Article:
It was a pretty nice burlap sack. Not the best he’d had the pleasure of inhabiting, not by a long shot, but it wasn’t bad either. The jute was smooth and woven tight, not letting in an inkling of light or location. It didn’t chafe his cheeks either, which was a small comfort.
The chair he was tied to was of considerably lesser quality. Each time Detan shifted his weight to keep the ropes from cutting off his circulation little splinters worked their way into his exposed arms and itched something fierce. Despite the unfinished wood, the chair’s joints were solid, and the knots on his ropes were well tied, which was a shame.
Detan Honding is a young noble with a mysterious past, now in hiding from the authorities and supporting himself through a life of crime. By contrast, Ripka is a thoroughly upstanding citizen, captain of the city watch in Aransa, and there are very few circumstances that could ever persuade her to ask Detan’s help with anything. Unfortunately for Ripka’s peace of mind, just about all of them are happening.
Aransa is a desert city with unbearable daytime temperatures, and its scorched climate informs everything about the setting, but its most striking feature is the Black Wash, a stretch of unshaded black sand where condemned prisoners walk to their deaths. The city’s main source of income is its selium mines, where sel-sensitive miners work in teams to extract the helium-like gas. Against this backdrop, an illusionist with illicit powers of selium manipulation is out for vengeance, using her skills to masquerade as others as she commits a series of murders.
Selium itself gives an interesting basis for the technology of Aransa. As a lighter-than-air gas, it’s used in the balloons of airships to provide a lift, but that’s far from its only use. Alcohol is laced with the stuff; it’s injected into hollow weapon handles to improve the balance. And in the hands of accomplished sel-sensitives, it can be shaped and controlled in seemingly limitless ways — hence the Valatheans’ determination to control every sensitive in the empire. Those with moderate skill are obliged to work in the mines or as airship pilots, but the official penalty for doppels — those capable of mimicking another’s face with a thin layer of selium — is death.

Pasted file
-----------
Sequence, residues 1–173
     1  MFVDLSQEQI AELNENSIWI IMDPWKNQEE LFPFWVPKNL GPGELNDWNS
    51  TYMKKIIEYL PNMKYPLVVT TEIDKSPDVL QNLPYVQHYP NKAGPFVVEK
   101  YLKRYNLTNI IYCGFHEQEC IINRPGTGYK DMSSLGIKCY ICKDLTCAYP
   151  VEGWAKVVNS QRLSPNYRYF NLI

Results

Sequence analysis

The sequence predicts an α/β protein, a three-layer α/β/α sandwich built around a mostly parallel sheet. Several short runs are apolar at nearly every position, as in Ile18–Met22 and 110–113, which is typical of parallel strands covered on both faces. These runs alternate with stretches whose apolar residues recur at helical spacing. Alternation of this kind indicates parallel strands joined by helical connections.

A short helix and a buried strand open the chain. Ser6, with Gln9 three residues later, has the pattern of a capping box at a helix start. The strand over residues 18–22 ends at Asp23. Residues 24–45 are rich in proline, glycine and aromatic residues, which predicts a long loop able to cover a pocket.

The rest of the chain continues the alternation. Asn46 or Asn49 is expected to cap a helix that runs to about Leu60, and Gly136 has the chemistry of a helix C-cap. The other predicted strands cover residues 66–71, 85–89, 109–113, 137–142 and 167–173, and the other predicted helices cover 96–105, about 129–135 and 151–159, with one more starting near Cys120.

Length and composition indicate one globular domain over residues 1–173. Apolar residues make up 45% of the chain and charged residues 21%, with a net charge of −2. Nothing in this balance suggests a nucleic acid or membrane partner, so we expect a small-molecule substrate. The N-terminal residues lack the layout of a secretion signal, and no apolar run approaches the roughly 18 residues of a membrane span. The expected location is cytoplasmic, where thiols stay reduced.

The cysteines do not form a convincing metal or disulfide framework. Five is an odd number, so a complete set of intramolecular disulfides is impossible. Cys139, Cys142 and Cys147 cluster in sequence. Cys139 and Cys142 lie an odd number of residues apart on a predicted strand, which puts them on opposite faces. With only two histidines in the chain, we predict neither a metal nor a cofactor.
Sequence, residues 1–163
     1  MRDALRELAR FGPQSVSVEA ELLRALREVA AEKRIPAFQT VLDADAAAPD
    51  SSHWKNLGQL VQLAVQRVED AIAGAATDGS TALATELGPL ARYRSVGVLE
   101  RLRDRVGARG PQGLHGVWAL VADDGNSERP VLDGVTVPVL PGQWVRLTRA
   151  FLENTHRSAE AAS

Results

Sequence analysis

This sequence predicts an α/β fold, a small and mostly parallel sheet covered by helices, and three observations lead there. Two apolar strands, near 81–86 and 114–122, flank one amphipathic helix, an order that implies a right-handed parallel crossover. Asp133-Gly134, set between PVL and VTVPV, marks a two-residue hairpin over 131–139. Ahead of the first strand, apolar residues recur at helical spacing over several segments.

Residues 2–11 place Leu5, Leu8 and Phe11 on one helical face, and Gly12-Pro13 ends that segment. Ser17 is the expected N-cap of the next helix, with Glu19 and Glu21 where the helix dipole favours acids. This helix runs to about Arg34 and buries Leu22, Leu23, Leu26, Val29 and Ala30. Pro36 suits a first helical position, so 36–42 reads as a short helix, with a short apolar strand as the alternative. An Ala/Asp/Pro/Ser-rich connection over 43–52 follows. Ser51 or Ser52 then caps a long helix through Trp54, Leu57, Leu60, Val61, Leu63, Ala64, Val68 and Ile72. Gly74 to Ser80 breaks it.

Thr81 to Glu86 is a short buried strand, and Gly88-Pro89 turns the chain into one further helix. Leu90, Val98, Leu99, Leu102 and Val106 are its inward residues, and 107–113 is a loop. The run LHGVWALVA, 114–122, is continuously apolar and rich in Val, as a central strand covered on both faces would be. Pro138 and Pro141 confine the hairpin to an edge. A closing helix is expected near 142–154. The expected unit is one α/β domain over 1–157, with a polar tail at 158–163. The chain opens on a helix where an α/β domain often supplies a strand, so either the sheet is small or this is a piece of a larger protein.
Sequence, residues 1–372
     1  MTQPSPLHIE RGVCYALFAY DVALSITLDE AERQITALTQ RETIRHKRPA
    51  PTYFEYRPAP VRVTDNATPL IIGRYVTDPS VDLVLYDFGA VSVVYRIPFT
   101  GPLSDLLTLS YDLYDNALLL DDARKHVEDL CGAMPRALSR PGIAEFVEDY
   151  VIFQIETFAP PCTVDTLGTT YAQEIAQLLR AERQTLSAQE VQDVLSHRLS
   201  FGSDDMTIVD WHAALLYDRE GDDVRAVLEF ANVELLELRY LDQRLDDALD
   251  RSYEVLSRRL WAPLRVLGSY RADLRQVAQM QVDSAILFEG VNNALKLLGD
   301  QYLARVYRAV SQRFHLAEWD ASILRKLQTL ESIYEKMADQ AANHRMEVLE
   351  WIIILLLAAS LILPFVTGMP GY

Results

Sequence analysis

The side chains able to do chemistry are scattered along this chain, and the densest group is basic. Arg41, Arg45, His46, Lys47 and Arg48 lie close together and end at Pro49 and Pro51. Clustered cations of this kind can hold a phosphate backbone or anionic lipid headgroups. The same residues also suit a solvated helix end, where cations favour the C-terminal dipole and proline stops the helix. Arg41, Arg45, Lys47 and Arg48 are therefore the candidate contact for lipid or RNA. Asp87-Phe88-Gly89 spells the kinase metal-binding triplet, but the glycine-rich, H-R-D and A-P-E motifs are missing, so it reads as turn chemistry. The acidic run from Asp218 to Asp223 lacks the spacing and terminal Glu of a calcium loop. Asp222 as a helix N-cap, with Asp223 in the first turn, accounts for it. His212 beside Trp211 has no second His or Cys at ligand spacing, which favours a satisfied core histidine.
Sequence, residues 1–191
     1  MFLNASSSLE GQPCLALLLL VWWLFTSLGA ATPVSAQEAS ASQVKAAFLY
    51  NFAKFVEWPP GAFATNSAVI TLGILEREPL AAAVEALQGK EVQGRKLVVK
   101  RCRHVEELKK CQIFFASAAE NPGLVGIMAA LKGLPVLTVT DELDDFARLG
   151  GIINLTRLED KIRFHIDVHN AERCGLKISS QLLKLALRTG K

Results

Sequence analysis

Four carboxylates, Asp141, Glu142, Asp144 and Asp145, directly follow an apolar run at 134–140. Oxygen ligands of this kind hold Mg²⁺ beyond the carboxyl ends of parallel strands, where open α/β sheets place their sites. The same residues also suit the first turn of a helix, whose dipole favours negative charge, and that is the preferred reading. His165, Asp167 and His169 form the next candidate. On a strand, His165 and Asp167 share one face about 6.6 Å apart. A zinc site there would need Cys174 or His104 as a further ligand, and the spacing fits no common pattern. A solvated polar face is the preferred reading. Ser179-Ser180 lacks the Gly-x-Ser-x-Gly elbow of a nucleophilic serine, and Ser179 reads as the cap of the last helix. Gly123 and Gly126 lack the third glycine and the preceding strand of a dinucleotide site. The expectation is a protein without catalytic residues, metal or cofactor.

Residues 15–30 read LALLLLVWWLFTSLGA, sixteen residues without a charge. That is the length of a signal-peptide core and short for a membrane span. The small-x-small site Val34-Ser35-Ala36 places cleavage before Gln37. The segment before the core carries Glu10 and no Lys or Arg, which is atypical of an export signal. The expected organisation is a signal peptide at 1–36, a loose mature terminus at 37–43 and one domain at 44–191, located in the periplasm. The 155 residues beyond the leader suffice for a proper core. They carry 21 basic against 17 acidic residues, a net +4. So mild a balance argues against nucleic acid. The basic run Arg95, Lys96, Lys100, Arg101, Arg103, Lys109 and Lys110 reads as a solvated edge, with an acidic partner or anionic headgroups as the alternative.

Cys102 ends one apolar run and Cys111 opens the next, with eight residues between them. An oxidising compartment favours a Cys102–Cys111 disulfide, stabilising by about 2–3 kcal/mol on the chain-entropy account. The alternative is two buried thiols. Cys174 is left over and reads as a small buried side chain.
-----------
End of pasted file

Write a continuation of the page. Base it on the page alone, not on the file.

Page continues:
I always enjoy a good anti-hero, and Detan delivers as a witty, sometimes reckless, but ultimately kind-hearted conman. His wavering alliance with Ripka gives them both cause for concern, but in the face of bigger dangers, teaming up together seems the only option. Ripka’s journey from loyal captain to someone prepared to play more loosely with the law, as she comes to understand the grey shades of morality that surround her, is beautifully done.
There are also some excellent, complex villains to be had. Thratia arrives in Aransa looking to get elected as warden, but she’s been exiled from Valathea for her brutal methods, putting Ripka on edge from their first encounter. Detan’s attempts to steal Thratia’s fancy airship give this book its title, and although that is far from the only thing going on between these pages, the theme of airship theft is a recurring one despite the many twists and turns of the plot. Meanwhile Pelkaia, the illusionist, has simpler and more deadly goals, although she’s motivated by grief rather than power, which makes her a little more sympathetic. And Callia, a scientist with an interest in selium-related powers, is Detan’s worst nightmare but appears to sincerely believe herself to be working for good.
Steal the Sky works well as a standalone adventure, but the ending hints at more interesting times to come for Detan and Ripka, their various friends and foes, and the whole of the surrounding lands. I’ll definitely be looking out for more in this world.